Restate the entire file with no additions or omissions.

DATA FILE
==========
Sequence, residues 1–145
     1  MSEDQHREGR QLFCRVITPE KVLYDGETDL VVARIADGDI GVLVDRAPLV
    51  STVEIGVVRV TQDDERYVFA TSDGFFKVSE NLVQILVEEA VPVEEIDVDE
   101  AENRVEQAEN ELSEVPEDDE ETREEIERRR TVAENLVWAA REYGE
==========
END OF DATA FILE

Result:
Sequence, residues 1–145
     1  MSEDQHREGR QLFCRVITPE KVLYDGETDL VVARIADGDI GVLVDRAPLV
    51  STVEIGVVRV TQDDERYVFA TSDGFFKVSE NLVQILVEEA VPVEEIDVDE
   101  AENRVEQAEN ELSEVPEDDE ETREEIERRR TVAENLVWAA REYGE